US Coins

Anti-fraud group recovers funds in 2013

The Numismatic Consumer Alliance Inc. helped recover nearly $1 million during 2013 for consumers who were victims of unscrupulous coin sales, according to John Albanese, founder and president of the not-for-profit watchdog organization.

NCA has now recovered more than $8 million since it began in 2005 — an average of about $1 million annually — for unwitting and often unknowledgeable buyers who were induced to purchase grossly overpriced coins, Albanese said.

NCA founding

NCA was founded in 2005 by 10 professional numismatists with more than 20 years experience who each provided seed money of $10,000 apiece.  

Disputes involving potential abuses are referred to NCA by a number of sources, including hobby organizations, numismatic periodicals, law enforcement agencies, reputable coin dealers and consumers, and victims’ families and friends.

The New Jersey-based group acts on behalf of such buyers, obtaining legal and other professional assistance when needed, in an attempt to rectify abuses in coin-related transactions and discourage perpetrators from continuing these practices. 

2013 achievements

Albanese said the 10 cases settled in 2013 involved amounts ranging from a low of $3,500 to a high of $330,000. 

In most of these cases, including the largest, he said, the victims were elderly people targeted in telephone scams. 

Albanese said that, often, “the victims’ sons and daughters are the ones who contact us. And by the time they realize what’s been happening, the wild overpayments can total many thousands of dollars.”

American Eagle gold and silver bullion coins are among scammers’ favorite products, Albanese said.

“They [the scammers] get these coins certified as [Mint State] 69 or 70,” he said, “then sell them for exorbitant prices on the grounds that they’re rare in those grades — which, of course, they’re not. 

“And, in any case, condition is irrelevant with bullion coins,” Albanese noted.

NCA and PNG 

Albanese praised the Professional Numismatists Guild for its support of NCA and its independent efforts to curb abuses in the coin market. 

PNG President Terry Hanlon lauded NCA’s work in protecting consumers.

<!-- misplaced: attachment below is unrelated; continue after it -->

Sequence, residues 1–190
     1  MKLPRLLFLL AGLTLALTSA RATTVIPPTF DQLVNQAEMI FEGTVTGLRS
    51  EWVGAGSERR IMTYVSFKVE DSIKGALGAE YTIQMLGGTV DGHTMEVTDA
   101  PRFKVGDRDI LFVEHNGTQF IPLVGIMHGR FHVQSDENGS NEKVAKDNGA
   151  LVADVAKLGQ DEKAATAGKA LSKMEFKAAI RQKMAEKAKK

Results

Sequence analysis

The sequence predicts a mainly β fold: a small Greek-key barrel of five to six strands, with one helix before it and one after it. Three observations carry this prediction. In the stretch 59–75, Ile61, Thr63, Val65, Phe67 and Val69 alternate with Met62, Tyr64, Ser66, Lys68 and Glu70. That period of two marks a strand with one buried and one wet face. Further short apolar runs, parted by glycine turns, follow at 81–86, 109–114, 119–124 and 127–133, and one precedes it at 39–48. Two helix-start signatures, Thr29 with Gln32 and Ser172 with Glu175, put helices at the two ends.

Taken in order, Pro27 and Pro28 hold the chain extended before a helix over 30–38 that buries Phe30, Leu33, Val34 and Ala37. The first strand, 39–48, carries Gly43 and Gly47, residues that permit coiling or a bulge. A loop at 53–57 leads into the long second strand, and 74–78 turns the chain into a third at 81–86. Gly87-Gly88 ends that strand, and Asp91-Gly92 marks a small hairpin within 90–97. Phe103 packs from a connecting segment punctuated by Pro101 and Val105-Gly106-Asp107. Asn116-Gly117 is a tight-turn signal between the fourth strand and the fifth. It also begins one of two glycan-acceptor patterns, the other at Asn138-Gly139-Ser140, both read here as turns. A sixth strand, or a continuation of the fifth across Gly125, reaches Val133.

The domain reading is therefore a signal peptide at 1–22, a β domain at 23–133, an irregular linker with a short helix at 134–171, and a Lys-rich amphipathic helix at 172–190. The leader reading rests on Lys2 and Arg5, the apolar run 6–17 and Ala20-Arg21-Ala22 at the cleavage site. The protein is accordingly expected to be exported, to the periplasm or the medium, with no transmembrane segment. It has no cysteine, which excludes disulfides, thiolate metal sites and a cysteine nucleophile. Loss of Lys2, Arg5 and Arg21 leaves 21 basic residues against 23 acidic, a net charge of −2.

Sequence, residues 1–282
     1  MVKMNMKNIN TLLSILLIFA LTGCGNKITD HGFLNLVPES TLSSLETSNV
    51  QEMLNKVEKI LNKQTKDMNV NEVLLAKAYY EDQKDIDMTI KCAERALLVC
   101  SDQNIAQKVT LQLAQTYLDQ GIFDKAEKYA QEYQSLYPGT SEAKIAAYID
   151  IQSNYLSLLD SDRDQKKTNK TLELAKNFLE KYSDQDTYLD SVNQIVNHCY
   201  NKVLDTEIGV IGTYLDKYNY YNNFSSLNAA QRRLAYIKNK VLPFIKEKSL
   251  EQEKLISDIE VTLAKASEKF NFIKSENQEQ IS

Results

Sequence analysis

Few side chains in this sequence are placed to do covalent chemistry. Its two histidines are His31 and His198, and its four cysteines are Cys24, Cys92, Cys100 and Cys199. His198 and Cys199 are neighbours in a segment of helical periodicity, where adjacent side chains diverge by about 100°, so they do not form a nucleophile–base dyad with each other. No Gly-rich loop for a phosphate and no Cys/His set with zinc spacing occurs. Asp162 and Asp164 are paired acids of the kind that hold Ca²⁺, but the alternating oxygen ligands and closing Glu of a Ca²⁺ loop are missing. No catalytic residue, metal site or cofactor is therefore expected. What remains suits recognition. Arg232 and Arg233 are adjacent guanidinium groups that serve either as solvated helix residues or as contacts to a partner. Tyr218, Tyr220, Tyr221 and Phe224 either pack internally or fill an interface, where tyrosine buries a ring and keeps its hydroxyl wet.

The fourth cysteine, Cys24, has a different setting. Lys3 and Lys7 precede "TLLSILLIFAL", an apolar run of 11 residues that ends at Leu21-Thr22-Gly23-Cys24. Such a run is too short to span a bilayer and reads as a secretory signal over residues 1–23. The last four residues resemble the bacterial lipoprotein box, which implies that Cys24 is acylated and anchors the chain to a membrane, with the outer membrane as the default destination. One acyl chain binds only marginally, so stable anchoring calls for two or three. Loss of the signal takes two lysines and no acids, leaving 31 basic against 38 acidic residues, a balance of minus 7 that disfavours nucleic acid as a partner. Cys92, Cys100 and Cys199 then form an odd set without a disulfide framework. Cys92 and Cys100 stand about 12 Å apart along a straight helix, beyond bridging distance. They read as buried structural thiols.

“As part of our own consumer protection policies, PNG member-dealers must adhere to a Code of Ethics in the buying and selling of numismatic merchandise, and pledge to support our Coin Collectors Bill of Rights,” according to Hanlon. 

“In the unlikely event of a dispute, PNG members must agree to binding arbitration to resolve the issues,” Hanlon added.

Scott A. Travers, a prominent consumer advocate and author of The Coin Collector’s Survival Manual, serves as Numismatic Consumer Alliance’s executive mediator. Like Albanese, Travers sees the hyping of bullion coins with lofty certified grades as one of the most serious problems in the current marketplace.

Contributions accepted

Numismatic Consumer Alliance Inc. seeks no compensation when it enters a case on behalf of a victimized consumer, even though it frequently incurs substantial legal bills and other expenses in the process. 

The funds to cover such costs are contributed by coin dealers and others who share NCA’s concern about fraud and deception by disreputable coin sellers and the harmful effects these practices can have on the marketplace as a whole.

Once a case is referred to the NCA, the organization contacts the consumers to determine the validity of their claims and asks for copies of all pertinent paperwork. If it concludes that the buyers were scammed, it contacts the sellers and urges them to make appropriate restitution to avoid legal action.

Further information about NCA is available at its website, PNG’s website is

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